House of Dreams Mass Market Paperback – Jan 5 2004
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An English estate and a haunted castle in Spain provide scenic backdrops for best-selling Joyce's tale of two sisters, Tracy and Cass de Warenne, in love with a professor of medieval studies, Antonio de la Barca. When the affair between drop-dead gorgeous jet-setter Tracy and Antonio sours, the dashing Spaniard concentrates on Cass, a self-effacing romance novelist with a penchant for history. Strangely enough, their family trees are intertwined, spanning centuries of intrigue, revenge, and mysterious deaths. Once Joyce delivers her characters to Antonio's remote ancestral home, the stage is set for a beautiful ghost to take possession of her unsuspecting victims. Intent on making up for the suffering she endured long ago, Isabel wreaks havoc on the descendants of all whom she counts as enemies. With myriad twists and turns, much bloodshed, and plenty of passionate embraces, Cass and Antonio triumph over the unearthly obstacles threatening their happiness. And Isabel's spirit finds peace at last. Alice Joyce
Copyright © American Library Association. All rights reserved --This text refers to an out of print or unavailable edition of this title.
From Kirkus Reviews
An unquiet ghost stalks her living descendants, seeking vengeance for a long-ago betrayal.Cassandra de Warenne, who writes historical novels, had never heard of her ancestral relative Isabel de la Barca until the fateful night of her sister's swanky party for her rich and famous friends. Tracey de Warenne just wanted to give her pals first peek at a priceless antique ruby necklace which is to be auctioned off by Sotheby's, where she more or less works. (All these characters inhabit the moneyed dreamland where those mythical beings known as jet-setters and playboys still flourish.) But Tracey's latest flame, an "internationally-renowned" professor of medieval studies named Antonio de la Barca, points out that the necklace is identical to one adorning the snowy bosom of Isabel de la Barca in a portrait dated 1554. And Antonio adds that Isabel's maiden name, before she married into his illustrious family, was de Warenne. Cass is intrigued . . . and instantly smitten with the darkly handsome Antonio. Strange things begin to happen that very night, causing one and all to pack their bags to head for Antonio's spooky family castle in Spain. Yes, intones Joyce (The Third Heiress, 1999), the place is crumbling and sinister; and yes, the eyes in the portraits seem to follow everyone around. Ere long, Isabel's malevolent spirit raises all kinds of ghostly hell, and eventually possesses Tracey, who is so blond, chic, and thin that she represents an irresistible target. Cass must fight her very own sister practically to the death-but not before enjoying several emollient bouts of sex with the ever-smoldering Antonio. Guess who wins the good sister/bad sister shriekfest.Wide-eyed genre clichés alternate with steamy boudoir scenes, in a romance sure to delight readers who can't find paperbacks featuring white-clad damsels fleeing moonlit Gothic towers anywhere in their local supermarkets. -- Copyright © 2000 Kirkus Associates, LP. All rights reserved. --This text refers to an out of print or unavailable edition of this title.See all Product Description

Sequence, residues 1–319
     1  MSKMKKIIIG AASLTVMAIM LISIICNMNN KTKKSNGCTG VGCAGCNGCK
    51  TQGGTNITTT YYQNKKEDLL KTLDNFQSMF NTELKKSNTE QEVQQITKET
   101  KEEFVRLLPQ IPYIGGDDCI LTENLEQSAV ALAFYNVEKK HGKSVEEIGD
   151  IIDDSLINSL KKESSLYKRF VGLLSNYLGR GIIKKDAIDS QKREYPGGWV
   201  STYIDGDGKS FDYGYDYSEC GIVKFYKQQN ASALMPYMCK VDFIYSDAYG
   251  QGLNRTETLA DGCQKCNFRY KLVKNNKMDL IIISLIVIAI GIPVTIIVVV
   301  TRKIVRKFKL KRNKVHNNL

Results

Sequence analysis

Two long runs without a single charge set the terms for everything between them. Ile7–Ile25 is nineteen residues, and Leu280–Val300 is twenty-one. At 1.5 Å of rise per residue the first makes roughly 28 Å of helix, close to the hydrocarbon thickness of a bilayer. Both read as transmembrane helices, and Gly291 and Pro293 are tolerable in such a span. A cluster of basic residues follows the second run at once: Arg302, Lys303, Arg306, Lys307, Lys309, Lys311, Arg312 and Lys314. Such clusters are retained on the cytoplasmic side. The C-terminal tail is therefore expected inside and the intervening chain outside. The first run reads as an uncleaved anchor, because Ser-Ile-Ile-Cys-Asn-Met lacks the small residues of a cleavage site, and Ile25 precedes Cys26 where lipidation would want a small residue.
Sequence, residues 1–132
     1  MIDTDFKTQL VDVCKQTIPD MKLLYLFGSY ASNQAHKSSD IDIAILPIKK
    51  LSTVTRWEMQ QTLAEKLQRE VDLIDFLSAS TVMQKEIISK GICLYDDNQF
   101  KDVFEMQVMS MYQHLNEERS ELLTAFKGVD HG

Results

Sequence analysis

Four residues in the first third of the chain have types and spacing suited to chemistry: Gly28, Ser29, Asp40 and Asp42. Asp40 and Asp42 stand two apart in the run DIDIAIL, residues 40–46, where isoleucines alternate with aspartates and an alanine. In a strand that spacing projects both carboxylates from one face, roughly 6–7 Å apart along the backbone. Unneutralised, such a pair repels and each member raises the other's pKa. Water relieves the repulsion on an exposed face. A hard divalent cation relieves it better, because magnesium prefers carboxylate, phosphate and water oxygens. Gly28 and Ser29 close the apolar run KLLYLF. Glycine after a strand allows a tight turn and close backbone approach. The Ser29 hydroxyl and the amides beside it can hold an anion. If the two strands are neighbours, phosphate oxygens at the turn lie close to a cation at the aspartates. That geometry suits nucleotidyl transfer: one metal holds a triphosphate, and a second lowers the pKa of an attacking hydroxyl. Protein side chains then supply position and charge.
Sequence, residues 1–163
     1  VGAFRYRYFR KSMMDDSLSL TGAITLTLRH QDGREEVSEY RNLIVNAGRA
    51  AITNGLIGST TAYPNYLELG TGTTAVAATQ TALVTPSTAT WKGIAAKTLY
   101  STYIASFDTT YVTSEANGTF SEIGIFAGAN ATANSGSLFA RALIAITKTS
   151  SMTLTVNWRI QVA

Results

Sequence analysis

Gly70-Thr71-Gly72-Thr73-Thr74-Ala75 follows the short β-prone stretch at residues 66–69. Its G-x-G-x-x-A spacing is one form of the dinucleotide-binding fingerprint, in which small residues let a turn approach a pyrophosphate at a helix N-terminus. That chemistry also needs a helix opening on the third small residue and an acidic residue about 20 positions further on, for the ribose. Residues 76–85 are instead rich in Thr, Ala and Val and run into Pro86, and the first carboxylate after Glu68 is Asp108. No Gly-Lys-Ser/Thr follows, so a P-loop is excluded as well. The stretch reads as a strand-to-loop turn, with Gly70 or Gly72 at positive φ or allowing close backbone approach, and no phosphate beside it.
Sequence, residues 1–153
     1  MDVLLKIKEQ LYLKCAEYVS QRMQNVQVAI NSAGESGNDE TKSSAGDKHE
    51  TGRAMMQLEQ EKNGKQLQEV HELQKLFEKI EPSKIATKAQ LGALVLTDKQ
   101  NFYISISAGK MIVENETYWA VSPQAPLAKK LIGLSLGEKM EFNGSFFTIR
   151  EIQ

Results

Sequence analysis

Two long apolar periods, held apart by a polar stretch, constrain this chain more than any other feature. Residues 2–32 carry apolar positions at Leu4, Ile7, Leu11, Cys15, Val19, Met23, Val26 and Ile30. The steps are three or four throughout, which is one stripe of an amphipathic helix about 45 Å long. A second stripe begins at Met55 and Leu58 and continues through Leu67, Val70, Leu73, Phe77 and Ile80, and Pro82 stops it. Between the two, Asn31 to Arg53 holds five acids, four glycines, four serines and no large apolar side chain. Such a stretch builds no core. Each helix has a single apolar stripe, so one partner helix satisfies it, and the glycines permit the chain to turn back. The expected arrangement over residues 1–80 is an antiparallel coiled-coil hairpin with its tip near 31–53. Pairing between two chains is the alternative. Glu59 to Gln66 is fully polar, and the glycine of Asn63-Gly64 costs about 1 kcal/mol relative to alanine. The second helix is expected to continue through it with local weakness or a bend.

Top Customer Reviews
The tale itself is a mixture of mystery, historical novel, and romance. The base of the story is that a woman who died 400 years ago is linked to two families. She feels that these two families betrayed her and she's still out to get them. The story mixes modern world with the story of this woman from 400 years in the past. Meanwhile, in modern times, you've got a pretty scary ghost story going on. The story itself is highly entertaining, as long as you don't pay attention to the details. Think of it as that highly entertaining, but critically unaclaimed movie that you watch just for fun. If you get caught up in the details that just aren't right, then make a game of it, because otherwise, it will make you crazy.
When I say it needs proofing, I'm not kidding. There are places where a man is described as wearing a black coat and then two pages latter it's blue. She describes a young boy as having polio. Now this takes place in modern times and this child is less than ten years old. To my knowledge, a case of polio hasn't been reported in Western Europe in the last 10 or 20 years, so that's just totally bogus!! And then there was my favorite proofing error, "She hid her hands behind her face." I'm not sure this is anatomically possible.
Ms. Joyce needs to get a thesaurus to try and cure her overuse of the word gaze. She loves this word, both as a noun and a verb and in one nights reading, I kept track. The longest Ms. Joyce could go without using some variation of this beloved word was two pages.